As of June 2017, a new federal trucking regulation that requires specific training for entry-level truckers took effect. This rule provides a three-year compliance window for motor carriers, trainers and others, and it will impact truck drivers who receive their commercial drivers’ licenses (CDLs) on or after February 7, 2020.
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Details of the New DOT Training Rule
According to the Final Rule (Rule) issued by the Federal Motor Carrier Safety Administration (FMCSA), the new training regulation for entry-level truckers:
- Establishes a “core” curriculum – Referred to as the “Entry-Level Driver Training” or ELDT program, the curriculum pertains to the safety knowledge (or “theory”) that new truckers are require to learn. While the new Rule does not set a minimum number of hours for the theory portion of training, it does require drivers to score at least 80 percent on a “theory assessment” (a written or electronic test) in order to fulfill this requirement.
- Requires behind-the-wheel (BTW) training – This BTW training includes “range” driving, as well as driving on public roads. Like the theory portion of the curricula, the BTW training is not associated with a minimum number of training hours. Instead, the Rule only requires that trainees are able to demonstrate proficiency with “discrete maneuvers… to the satisfaction of the training instructor.” When trainees complete this aspect of the ELDT program, trainers will directly notify the FMCSA (upon confirming completion of BTW training, the FMCSA will then notify the state driver’s license bureau).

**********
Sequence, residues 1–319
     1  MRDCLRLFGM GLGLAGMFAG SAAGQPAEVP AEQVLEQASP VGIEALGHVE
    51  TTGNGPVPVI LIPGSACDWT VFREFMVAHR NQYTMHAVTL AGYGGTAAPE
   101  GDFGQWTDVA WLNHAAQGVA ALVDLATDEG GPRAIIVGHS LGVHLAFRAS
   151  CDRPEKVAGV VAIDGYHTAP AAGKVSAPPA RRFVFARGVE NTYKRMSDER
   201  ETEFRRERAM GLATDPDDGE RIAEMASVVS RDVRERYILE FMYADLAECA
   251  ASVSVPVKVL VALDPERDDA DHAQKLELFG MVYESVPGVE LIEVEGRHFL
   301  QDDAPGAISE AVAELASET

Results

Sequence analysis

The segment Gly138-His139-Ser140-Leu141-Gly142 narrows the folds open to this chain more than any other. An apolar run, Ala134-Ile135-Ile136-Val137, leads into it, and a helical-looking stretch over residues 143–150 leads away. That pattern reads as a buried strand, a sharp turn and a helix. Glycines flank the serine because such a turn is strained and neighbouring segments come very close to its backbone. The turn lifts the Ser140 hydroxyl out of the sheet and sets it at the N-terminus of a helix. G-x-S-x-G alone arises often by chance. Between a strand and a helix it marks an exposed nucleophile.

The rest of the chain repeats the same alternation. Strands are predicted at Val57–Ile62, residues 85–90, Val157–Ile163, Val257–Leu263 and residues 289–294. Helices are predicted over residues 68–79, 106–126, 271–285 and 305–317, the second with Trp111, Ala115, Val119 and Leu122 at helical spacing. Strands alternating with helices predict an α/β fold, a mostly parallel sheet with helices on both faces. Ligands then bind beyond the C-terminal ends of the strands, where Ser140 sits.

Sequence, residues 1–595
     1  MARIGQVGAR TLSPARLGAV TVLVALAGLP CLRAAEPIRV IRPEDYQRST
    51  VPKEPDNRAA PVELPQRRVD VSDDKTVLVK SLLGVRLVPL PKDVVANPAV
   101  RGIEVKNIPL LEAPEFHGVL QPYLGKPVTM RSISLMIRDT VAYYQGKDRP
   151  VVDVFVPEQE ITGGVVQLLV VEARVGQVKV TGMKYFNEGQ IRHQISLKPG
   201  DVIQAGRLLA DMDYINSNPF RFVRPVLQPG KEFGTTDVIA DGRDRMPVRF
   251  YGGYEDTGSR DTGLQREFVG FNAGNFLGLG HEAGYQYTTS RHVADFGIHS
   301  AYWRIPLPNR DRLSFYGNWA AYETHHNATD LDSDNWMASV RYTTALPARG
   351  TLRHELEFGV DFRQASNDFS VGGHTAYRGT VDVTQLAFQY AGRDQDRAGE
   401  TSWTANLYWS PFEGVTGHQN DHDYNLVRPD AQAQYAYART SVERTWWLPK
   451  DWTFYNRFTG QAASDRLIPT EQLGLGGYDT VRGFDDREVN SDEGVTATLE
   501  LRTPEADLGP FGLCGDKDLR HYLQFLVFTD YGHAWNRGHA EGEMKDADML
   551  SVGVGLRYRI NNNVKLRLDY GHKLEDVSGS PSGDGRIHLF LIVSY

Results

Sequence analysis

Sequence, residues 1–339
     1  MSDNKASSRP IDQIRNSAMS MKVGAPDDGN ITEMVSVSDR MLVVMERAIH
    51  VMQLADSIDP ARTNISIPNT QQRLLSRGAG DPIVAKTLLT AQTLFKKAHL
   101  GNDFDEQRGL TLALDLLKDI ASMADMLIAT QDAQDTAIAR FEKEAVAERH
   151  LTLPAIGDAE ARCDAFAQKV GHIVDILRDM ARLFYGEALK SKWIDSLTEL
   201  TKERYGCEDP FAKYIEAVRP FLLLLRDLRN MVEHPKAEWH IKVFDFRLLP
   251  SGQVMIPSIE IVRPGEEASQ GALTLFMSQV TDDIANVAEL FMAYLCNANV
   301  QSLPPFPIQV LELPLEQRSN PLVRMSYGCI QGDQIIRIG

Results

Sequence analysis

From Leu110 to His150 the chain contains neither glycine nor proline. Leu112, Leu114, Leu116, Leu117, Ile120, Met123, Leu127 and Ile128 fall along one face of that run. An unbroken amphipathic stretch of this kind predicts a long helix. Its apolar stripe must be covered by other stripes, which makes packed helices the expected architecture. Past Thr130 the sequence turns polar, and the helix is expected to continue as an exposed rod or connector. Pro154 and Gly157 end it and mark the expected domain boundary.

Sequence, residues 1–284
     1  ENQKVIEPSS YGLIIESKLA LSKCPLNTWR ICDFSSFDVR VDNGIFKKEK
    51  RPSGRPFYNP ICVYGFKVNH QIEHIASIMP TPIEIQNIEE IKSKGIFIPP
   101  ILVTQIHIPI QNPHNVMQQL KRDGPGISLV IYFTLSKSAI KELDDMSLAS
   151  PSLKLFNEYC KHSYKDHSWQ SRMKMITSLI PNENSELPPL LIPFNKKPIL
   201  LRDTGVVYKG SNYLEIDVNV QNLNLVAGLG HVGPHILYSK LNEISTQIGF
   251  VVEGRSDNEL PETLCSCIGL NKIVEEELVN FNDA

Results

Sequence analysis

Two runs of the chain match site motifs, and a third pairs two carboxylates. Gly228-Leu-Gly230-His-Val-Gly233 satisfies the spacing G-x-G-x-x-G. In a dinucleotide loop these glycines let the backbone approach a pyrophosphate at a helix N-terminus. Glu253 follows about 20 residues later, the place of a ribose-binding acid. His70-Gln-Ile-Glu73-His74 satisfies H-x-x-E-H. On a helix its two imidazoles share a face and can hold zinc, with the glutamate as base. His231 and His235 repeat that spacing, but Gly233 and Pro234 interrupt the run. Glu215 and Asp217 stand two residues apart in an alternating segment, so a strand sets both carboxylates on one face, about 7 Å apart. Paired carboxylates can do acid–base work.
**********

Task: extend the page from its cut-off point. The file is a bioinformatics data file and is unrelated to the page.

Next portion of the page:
- Sets up a federal registry of FMCSA-approved trainers – Officially known as the Training Provider Registry (TPR), this list includes the names of all FMCSA-approved trainers for the ELDT program. In establishing the TPR, the Final Rule also sets forth the eligibility requirements for being listed on the TPR, as well as recordkeeping and reporting requirements for trainers included on this Registry.
According to regulators, this training regulation for entry-level truckers is expected to save the trucking industry roughly $2.4 billion by improving the efficiency of trucking operations while reducing crashes and vehicle repair costs.
Summing up the importance of this rule, former U.S. Transportation Secretary Anthony Foxx has explained:
Ensuring that drivers are properly trained is a critical element in improving road safety for everyone… The entry-level training standards for large truck and bus operators put forth…exemplify a commitment to safety from a broad coalition of commercial motor vehicle stakeholders.
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